This week we’re turning our attention to multiple issues: (1) does each individual Justice ask more questions of the prevailing or losing party in civil cases; (2) is the Justice’s pattern different when he or she votes with the minority; (3) what difference does it make for each Justice’s questioning if the Justice is writing an opinion; and (4) does writing an opinion mean that each Justice is more likely to ask the first question?
Today, we begin our review of the data from arguments in civil cases, 2008-2016, for Justice Anne M. Burke. In affirmances where she voted with the majority, Justice Burke has questioned appellants (the losing party) significantly more heavily than appellees – 2.71 questions to 1.17. The effect is more pronounced when Justice Burke writes the majority opinion affirming. In such cases, Justice Burke averaged 5.31 questions to appellants, but only 0.94 to the appellees. Justice Burke is only somewhat more active when writing a concurrence in an affirmance, averaging three questions to appellants and two to appellees. Compare that to the numbers when Justice Burke isn’t writing in an affirmance – 2.2 questions on average to appellants, 1.2 to appellees.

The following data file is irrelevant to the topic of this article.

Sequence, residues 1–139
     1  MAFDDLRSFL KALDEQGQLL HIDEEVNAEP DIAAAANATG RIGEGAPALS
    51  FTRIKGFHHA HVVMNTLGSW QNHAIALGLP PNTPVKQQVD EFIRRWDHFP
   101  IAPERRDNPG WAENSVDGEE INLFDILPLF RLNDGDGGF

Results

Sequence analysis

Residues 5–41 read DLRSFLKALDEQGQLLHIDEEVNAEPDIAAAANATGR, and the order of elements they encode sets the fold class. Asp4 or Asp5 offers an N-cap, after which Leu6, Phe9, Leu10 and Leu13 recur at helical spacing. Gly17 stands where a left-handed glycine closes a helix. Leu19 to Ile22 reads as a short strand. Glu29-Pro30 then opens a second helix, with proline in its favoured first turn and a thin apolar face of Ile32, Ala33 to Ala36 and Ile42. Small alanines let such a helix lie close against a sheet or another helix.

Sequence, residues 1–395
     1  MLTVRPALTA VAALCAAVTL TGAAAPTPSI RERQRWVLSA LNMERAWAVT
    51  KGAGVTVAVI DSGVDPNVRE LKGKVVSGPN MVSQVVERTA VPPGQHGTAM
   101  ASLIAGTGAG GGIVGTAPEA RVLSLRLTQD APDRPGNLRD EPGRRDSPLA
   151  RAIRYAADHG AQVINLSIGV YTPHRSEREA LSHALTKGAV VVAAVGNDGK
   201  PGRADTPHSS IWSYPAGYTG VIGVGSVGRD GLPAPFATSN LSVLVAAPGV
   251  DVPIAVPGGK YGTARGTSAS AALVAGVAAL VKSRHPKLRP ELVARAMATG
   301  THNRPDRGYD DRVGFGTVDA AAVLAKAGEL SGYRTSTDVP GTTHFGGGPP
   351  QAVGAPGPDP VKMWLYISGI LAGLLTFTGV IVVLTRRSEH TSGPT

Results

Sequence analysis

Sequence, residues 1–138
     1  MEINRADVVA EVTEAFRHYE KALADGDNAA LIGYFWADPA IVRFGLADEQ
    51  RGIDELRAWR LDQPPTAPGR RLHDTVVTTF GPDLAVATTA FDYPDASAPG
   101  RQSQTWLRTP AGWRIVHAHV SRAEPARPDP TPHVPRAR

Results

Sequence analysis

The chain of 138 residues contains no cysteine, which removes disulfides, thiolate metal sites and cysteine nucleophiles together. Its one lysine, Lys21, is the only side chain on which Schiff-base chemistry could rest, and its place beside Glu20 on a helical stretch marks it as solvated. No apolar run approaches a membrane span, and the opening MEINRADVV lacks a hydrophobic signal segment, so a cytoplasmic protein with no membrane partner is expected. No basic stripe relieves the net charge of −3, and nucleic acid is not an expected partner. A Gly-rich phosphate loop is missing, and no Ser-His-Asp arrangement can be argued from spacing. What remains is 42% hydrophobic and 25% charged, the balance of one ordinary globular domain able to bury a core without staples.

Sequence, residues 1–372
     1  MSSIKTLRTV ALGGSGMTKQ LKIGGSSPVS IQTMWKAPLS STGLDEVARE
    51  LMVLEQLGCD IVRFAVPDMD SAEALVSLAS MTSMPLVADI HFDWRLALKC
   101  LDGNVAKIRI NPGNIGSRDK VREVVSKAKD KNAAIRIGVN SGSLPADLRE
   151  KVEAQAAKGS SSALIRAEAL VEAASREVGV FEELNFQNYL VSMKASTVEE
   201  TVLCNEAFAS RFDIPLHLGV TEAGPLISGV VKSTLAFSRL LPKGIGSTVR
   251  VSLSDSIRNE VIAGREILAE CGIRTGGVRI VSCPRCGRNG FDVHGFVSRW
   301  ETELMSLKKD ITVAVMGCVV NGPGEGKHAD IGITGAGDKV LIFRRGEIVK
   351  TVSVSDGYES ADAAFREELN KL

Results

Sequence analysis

We’ve shown that overall, the Court averages more questions to the party which will lose than to the winner. Interestingly, Justice Burke’s pattern when voting with the majority in a civil reversal has been the opposite, asking slightly more questions of the appellant. Overall, she averages 1.82 questions to appellants, 1.73 to appellees. When writing the majority opinion reversing, she has averaged 3.19 questions to appellants, 2.84 to appellees. When writing a concurrence (always a small data set), she averages 5.67 questions to appellants, 1.67 to appellees. When not writing an opinion, she averaged 1.39 questions to appellants and 1.44 to appellees.
In Table 454, we report the data for civil cases in which Justice Burke voted with the minority. As we see on the left, when the Court affirmed with Justice Burke in the minority, she averaged two questions to appellants and 1.5 to appellees – more questions to the party who ultimately lost the case, as opposed to the party she would wind up voting against. When Justice Burke wrote a dissent from an affirmance, she averages 3.25 questions to appellants and three to appellees. When she is in the minority but not writing, she averages only 1.17 questions to appellants, 0.5 to appellees.
In civil cases where the Court reverses with Justice Burke in the minority, she once again averages slightly more questions to appellants than appellees – 2.875 to 2.625. Once again, writing an opinion has an impact – Justice Burke averages four questions to appellants when she writes a dissent from a reversal, but only 1.5 to appellants, 0.5 to dissents when she joins someone else’s dissent.
Join us back here tomorrow as we analyze what we can infer from cases where Justice Burke leads off the questioning.
Image courtesy of Flickr by Katherine Johnson (no changes).